4.5.1. Data Collection and Structure Determination
Crystals were transferred to a stabilization solution of 4.8% polyethylene glycol 4000 in the same buffer for 1 hour, then transiently (<30 sec) placed in a cryoprotectant of 30% polyethylene glycol 400 and 6% polyethylene glycol 4000 in 50 mM potassium MES (pH 7.0) and flash-frozen in liquid N2 for data collection. Data for a 100° sector were collected on a RAxisII with Osmics confocal optics at 60 kV and 150 mA. Oscillation frames were integrated with Denzo and merged with Scalepack . Merged intensity data were converted to structure factor amplitudes using Truncate refmac5 . All crystals except the T254C-glycine were indexed in space group P41 with a tetramer per asymmetric unit; T254C-glycine was indexed in space group P41212 with one dimer per asymmetric unit. Structures were solved by molecular replacement using a rabbit cytosolic SHMT dimer from pdb entry 1CJ0 as a search model and refined using alternating cycles of manual fitting into SigmaA weighted 2mFodFc maps in COOT  and computational refinement in CNS  and refmac5 . Structure factors and coordinates are being deposited to the RCSB protein databank.
This work was supported by the National Institutes of Health through a Grant (Grant No. CA 16059-28) to the Massey Cancer Center of Virginia Commonwealth University in support of the structural biology resources used in this study and by grants from the Italian Ministero dell’Istruzione, dell’Università e della Ricerca, and from Finanziamento Progetti di Ricerca 2011 of Sapienza University of Rome.
- V. Schirch, Mechanism of Folate-Requiring Enzymes in One-Carbon Metabolism, vol. 1, Academic Press, San Diego, Calif, USA, 1998.
- R. Florio, M. L. Di Salvo, M. Vivoli, and R. Contestabile, “Serine hydroxymethyltransferase: a model enzyme for mechanistic, structural, and evolutionary studies,” Biochimica et Biophysica Acta, vol. 1814, no. 11, pp. 1489–1495, 2011.
- A. Amadasi, M. Bertoldi, R. Contestabile et al., “Pyridoxal 5′-phosphate enzymes as targets for therapeutic agents,” Current Medicinal Chemistry, vol. 14, no. 12, pp. 1291–1324, 2007.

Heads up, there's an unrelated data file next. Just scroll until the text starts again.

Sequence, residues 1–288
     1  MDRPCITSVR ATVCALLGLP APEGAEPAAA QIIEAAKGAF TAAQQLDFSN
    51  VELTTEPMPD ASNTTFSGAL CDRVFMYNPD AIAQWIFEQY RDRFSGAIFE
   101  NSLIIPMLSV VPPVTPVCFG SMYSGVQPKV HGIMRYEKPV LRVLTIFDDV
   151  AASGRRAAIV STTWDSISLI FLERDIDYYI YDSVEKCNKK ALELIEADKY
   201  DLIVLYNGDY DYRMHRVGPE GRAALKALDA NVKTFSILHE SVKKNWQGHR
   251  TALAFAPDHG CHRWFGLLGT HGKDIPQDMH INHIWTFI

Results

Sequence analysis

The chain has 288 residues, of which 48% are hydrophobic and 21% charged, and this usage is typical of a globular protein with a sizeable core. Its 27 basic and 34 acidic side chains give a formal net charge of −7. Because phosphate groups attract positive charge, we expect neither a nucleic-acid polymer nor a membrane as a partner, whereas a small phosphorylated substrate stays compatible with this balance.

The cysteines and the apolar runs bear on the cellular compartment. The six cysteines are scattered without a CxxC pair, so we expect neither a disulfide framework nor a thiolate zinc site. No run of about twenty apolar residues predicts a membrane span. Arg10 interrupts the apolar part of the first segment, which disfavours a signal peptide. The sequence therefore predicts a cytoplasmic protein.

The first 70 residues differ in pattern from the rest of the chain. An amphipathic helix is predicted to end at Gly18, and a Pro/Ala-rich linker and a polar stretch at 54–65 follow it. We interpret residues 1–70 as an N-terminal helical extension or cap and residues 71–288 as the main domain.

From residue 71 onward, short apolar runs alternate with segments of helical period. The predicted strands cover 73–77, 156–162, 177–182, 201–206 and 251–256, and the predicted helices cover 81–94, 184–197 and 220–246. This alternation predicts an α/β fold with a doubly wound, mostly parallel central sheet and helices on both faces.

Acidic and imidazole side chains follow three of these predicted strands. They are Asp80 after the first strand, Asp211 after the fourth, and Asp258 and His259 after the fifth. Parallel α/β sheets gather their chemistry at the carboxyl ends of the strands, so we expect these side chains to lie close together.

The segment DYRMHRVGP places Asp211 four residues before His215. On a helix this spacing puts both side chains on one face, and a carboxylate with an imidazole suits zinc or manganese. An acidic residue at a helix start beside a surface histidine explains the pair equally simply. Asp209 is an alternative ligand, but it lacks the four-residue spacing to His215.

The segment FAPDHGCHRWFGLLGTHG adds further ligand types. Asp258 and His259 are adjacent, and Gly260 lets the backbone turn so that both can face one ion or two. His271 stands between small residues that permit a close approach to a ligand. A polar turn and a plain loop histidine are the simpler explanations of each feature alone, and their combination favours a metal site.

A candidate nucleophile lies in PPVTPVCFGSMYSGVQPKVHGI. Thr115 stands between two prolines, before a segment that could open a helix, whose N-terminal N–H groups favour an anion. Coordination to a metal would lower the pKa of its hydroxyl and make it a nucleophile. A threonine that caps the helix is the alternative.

- F. Daidone, R. Florio, S. Rinaldo et al., “In silico and in vitro validation of serine hydroxymethyltransferase as a chemotherapeutic target of the antifolate drug pemetrexed,” European Journal of Medicinal Chemistry, vol. 46, no. 5, pp. 1616–1621, 2011.
- M. L. di Salvo, R. Contestabile, A. Paiardini, and B. Maras, “Glycine consumption and mitochondrial serine hydroxymethyltransferase in cancer cells: the heme connection,” Medical Hypotheses, vol. 80, pp. 633–636, 2013.
- P. Stover and V. Schirch, “Enzymatic mechanism for the hydrolysis of 5,10-methenyltetrahydropteroylglutamate to 5-formyltetrahydropteroylglutamate by serine hydroxymethyltransferase,” Biochemistry, vol. 31, no. 7, pp. 2155–2164, 1992.
- M. L. di Salvo, R. Florio, A. Paiardini, M. Vivoli, S. D'Aguanno, and R. Contestabile, “Alanine racemase from Tolypocladium inflatum: a key PLP-dependent enzyme in cyclosporin biosynthesis and a model of catalytic promiscuity,” Archives of Biochemistry and Biophysics, vol. 529, pp. 55–65, 2013.
- R. Contestabile, A. Paiardini, S. Pascarella, M. L. Di Salvo, S. D'Aguanno, and F. Bossa, “L-Threonine aldolase, serine hydroxymethyltransferase and fungal alanine racemase: a subgroup of strictly related enzymes specialized for different functions,” European Journal of Biochemistry, vol. 268, no. 24, pp. 6508–6525, 2001.
- V. Schirch and D. M. E. Szebenyi, “Serine hydroxymethyltransferase revisited,” Current Opinion in Chemical Biology, vol. 9, no. 5, pp. 482–487, 2005.
- G. Giardina, R. Montioli, S. Gianni et al., “Open conformation of human DOPA decarboxylase reveals the mechanism of PLP addition to Group II decarboxylases,” Proceedings of the National Academy of Sciences of the United States of America, vol. 108, no. 51, pp. 20514–20519, 2011.
- F. Malerba, A. Bellelli, A. Giorgi, F. Bossa, and R. Contestabile, “The mechanism of addition of pyridoxal 5′-phosphate to Escherichia coli apo-serine hydroxymethyltransferase,” Biochemical Journal, vol. 404, no. 3, pp. 477–485, 2007.
- L. Schirch, “Serine transhydroxymethylase: relaxation and transient kinetic study of the formation and interconversion of the enzyme glycine complexes,” Journal of Biological Chemistry, vol. 250, no. 5, pp. 1939–1945, 1975.